During the past few years, as many of you know, the initiative with a Legislative Bill reforming various provisions of the General Law of Ecological Balance and Environmental Protection, regarding the substitution of pesticides in defense of the environment, is in process.
The Confederation of Agricultural Associations of the State of Sinaloa (CAADES) believes that the initiative to eliminate the use of various pesticides would have serious repercussions for the Mexican and Sinaloa growers.
Mexico is one of the main growers and exporters of food in the world. It is one of the few industries with significant sustained growth in the last decade. More than 16 billion dollars of fruits and vegetables are exported each year.
Sinaloa is at the same time an important grower and exporter of vegetables, as well as the main producer of grains in Mexico. The state’s total volume of vegetable and grain production is around 12 million tons that are harvested on 800,000 irrigated and 300,000 rainfed hectares. The value of Sinaloa’s production amounts to approximately 3 billion dollars each year, of which $1 billion is from vegetables such as tomatoes, peppers, and cucumbers.
The initiative to reform and add various provisions to the General Law of Ecological Balance and Environmental Protection regarding pesticides could have serious repercussions for the Mexican and Sinaloa growers. With the new definitions of Highly Hazardous Pesticides and the precautionary principal standard, without considering risk assessment, many important molecules for the protection of crops in the region could be eliminated, which would put us in a situation of vulnerability to our competitors.
Under this scenario of change, the marketing and formulation companies of these agrochemicals would have to invest in the development of new products to replace the current ones. This would increase their costs and, more importantly, the approval processes by the authorities, both in Mexico and in the destination countries, could take more than 4 years. There would even be the possibility of the emergence of a black market and illegal trade of inputs.
According to the proposal established by, Association for Crop Protection, Science and Technology (PROCCYT), “Highly hazardous pesticides will be subject to the implementation of risk reduction measures following a risk assessment carried out by the competent authority. The use of pesticides or those substances or compounds that do not have the current registration duly issued by the competent authority following the legislation of the matter, and those that are prohibited in international treaties to which the Mexican state is a party, is prohibited”.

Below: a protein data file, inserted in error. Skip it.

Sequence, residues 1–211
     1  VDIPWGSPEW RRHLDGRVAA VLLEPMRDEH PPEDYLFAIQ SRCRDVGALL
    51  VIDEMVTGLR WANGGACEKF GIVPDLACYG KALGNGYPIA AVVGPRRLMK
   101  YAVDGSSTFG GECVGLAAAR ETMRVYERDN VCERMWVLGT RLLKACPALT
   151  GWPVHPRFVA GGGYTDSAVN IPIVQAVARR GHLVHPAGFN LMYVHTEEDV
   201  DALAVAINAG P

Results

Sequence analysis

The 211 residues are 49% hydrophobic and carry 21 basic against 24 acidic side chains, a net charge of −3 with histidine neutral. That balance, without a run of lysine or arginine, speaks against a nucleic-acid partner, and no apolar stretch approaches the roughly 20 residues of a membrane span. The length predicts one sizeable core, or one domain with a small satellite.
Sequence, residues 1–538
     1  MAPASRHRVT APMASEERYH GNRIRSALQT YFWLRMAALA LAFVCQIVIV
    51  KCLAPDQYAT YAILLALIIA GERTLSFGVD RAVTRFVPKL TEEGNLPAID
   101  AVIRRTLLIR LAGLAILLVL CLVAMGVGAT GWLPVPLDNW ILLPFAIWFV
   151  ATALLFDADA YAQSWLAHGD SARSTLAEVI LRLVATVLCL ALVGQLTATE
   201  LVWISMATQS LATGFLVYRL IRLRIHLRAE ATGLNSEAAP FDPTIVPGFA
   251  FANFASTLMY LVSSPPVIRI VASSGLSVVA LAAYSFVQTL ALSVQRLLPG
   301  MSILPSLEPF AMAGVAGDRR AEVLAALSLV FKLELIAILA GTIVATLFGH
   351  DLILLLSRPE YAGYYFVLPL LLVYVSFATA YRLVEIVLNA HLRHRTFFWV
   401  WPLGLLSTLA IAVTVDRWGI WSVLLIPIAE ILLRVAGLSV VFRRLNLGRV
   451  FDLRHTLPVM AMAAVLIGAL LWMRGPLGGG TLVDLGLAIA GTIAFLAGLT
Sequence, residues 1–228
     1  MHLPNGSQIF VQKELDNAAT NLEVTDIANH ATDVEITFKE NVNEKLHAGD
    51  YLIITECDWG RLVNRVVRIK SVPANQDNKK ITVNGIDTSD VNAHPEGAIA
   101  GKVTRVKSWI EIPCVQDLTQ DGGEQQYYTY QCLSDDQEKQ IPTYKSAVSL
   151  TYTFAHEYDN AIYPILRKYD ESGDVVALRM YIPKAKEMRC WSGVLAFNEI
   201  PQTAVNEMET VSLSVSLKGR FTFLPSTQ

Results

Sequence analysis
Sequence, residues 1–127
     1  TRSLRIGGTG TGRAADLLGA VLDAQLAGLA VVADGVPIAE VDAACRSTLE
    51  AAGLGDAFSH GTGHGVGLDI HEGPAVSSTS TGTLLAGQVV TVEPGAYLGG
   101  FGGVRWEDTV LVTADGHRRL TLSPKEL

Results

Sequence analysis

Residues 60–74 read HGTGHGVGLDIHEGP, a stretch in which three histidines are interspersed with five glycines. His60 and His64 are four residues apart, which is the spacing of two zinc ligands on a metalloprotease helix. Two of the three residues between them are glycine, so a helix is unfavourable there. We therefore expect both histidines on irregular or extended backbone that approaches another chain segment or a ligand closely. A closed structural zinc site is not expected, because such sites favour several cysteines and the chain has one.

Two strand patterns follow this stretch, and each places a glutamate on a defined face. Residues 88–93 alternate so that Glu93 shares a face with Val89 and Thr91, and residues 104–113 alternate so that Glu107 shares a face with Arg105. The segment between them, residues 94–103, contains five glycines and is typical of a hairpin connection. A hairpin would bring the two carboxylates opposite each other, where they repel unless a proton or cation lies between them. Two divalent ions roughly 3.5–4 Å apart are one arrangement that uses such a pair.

CAADES agrees with this proposal since risk assessment is currently one of the tools adopted by the most recognized national and international certification schemes in food safety.
Growers and exporters that are members of CAADES and have commercial food safety certificates benefit from these tools to establish their preventive and/or control measures (procedures for carrying out their different activities, design of areas and facilities, use of equipment and tools, training, planning, continuous improvement, among others).
Another important part of the risk assessment, by official regulation, is that all growers/agricultural companies must purchase and use only pesticides that are registered and approved for such use both in the country of production (Mexico) and in the country of destination (USA, Canada, Japan, among others) as required by current regulations. For example, in Mexico, the COFEPRIS (Federal Commission for Protection against Sanitary Risks) issues the Coordinated Sanitary Registration (RSCO) and in the United States, it is the EPA (Environmental Protection Agency). They must be used according to label instructions, including application ranges, worker protection standards, personal protective equipment, storage, and disposal of containers (see the Mexican official standard of the Ministry of Labor and Social Welfare on safety and hygiene conditions in agricultural activities, specifically in the use of phytosanitary inputs or pesticides and plant nutrition inputs or fertilizers, NOM-003-STPS-1999).
Thus, we consider that the decree to the General Law of Ecological Equilibrium and Environmental Protection regarding pesticides should consider in depth the aspects mentioned above and covered by the current regulations so that, just as the safety and the environment are taken care of, the production and exportation of Mexican food is not affected.
Veggies From Mexico, CEO